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Market eyes next phase of US gasoline demand recovery

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Market eyes next phase of US gasoline demand recovery

As officials relax social distancing policies, government data show a strong recovery in U.S. gasoline demand through mid-June, and experts say the health of the broader economy will govern the next leg of demand growth.

According to the U.S. Energy Information Administration, demand bottomed at 5.1 million barrels per day in the week to April 3, a 48.3% decline from the same week in the previous year. Two and half months later, the EIA pegged gasoline demand at 8.6 million bbl/d, 9.1% below the year-ago level.

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"The steady growth in gasoline demand in the face of still high levels of unemployment suggests that discretionary driving rather than work-related driving has largely been responsible for the recovery," S&P Global Platts Analytics wrote in a June 24 report. The analysts said that mobility data from Apple and INRIX show that increases in discretionary trips are slowing and that "a full recovery of demand must await an economic recovery strong enough to boost employment."

As COVID-19 lingers, it could present an obstacle to that recovery. While S&P Global Ratings now expects the U.S. economy to contract less than it projected in April, it expects it will take two years for the economy to return to its end-of-2019 level, with the recovery taking hold in the third quarter, absent a second wave of COVID-19 cases strong enough to force the return of lockdown measures.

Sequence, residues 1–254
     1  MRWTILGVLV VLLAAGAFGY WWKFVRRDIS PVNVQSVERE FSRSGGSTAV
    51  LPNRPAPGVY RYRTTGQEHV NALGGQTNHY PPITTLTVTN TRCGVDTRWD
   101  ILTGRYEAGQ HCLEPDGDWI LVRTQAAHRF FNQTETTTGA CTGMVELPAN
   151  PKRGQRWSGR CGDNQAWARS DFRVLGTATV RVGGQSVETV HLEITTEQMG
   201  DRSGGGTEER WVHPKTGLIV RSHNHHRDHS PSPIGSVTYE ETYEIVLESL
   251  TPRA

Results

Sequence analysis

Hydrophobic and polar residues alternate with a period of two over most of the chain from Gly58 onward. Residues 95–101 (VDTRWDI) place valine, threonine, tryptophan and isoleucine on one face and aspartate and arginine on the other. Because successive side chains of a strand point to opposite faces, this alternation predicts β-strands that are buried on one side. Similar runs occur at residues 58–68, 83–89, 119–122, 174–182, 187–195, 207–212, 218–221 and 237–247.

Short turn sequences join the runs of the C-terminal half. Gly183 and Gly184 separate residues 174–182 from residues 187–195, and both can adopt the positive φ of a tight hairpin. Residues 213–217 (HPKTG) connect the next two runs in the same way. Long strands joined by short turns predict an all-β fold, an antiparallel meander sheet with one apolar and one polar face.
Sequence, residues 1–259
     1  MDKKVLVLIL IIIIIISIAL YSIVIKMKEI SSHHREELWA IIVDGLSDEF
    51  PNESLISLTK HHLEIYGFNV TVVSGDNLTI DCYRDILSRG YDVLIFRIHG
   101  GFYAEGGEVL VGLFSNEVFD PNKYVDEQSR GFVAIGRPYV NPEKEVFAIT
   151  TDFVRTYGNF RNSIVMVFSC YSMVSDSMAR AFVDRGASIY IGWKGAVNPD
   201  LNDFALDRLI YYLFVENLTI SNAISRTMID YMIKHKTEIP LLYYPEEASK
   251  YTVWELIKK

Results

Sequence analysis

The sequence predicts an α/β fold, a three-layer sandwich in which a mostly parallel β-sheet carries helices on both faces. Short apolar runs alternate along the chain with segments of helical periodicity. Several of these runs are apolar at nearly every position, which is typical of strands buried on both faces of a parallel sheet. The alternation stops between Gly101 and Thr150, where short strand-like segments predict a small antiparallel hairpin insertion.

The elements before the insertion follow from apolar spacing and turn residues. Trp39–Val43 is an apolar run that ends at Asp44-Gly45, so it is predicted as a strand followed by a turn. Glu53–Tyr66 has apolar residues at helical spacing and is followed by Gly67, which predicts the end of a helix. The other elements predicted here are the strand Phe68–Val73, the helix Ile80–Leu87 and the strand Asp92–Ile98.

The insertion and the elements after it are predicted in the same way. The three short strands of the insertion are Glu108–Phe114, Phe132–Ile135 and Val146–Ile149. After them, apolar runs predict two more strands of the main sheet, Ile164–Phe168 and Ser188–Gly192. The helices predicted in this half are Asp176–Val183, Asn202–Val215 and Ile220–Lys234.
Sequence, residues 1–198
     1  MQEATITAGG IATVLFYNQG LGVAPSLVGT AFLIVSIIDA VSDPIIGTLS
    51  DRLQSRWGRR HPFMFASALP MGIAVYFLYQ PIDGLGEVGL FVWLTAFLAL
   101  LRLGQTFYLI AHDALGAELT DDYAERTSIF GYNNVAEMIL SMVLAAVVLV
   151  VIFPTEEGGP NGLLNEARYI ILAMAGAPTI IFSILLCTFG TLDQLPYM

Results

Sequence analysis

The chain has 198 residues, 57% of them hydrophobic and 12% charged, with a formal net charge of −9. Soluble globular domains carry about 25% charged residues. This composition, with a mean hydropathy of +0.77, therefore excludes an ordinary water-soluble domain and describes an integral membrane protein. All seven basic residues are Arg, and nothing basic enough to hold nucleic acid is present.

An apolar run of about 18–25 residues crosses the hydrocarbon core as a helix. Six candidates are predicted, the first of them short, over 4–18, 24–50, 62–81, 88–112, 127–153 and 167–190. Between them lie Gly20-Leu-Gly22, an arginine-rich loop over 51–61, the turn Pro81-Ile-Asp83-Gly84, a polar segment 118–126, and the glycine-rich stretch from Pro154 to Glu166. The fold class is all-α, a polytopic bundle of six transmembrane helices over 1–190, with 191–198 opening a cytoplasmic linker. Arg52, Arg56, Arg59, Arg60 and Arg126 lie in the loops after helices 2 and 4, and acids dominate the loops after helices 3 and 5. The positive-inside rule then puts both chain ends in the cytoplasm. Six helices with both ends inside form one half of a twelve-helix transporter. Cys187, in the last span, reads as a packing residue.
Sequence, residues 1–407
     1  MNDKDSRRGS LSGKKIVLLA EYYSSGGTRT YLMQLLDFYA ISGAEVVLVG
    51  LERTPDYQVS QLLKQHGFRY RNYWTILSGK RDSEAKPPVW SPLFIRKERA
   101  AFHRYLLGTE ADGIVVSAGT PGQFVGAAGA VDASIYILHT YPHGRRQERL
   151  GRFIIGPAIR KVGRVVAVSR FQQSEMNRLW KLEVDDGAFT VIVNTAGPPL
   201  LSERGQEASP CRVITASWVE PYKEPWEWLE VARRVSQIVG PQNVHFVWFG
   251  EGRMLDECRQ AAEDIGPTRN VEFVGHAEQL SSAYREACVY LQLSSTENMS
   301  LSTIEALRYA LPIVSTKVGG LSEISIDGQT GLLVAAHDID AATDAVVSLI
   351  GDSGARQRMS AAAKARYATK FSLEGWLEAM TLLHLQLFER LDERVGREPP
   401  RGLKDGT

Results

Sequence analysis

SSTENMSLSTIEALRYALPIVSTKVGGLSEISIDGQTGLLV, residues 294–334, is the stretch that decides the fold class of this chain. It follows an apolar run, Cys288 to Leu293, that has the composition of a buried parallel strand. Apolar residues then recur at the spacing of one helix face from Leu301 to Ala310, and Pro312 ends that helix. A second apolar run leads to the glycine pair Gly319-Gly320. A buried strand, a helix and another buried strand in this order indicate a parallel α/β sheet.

As cases spike in parts of the country, some governors are facing pressure to slow or reverse the easing of social distancing measures.

In a June 24 report, Clearview Energy Partners said three states — California, Texas and Florida — accounted for 40% of the nation's 148,414 new COVID-19 cases over the five days through June 23. According to the firm, they consume more than 27% of the gasoline sold in the U.S. and account for more than 28% of the nation's GDP.

In response to the spike in cases, Texas governor Greg Abbott on June 26 announced he would rollback the state's reopening plans. "As I said from the start, if the positivity rate rose above 10%, the State of Texas would take further action to mitigate the spread of COVID-19," he said in a statement.

In a June 24 news conference, California Governor Gavin Newsom gave no indication that he would slow efforts to reopen the state's economy, arguing prioritizing public health and economic health "is not a binary choice."

To date, Florida Gov. Ron Desantis has not backtracked on a June 11 decision to continue relaxing social distancing rules.

S&P Global Platts and S&P Global Market Intelligence are both owned by S&P Global Inc.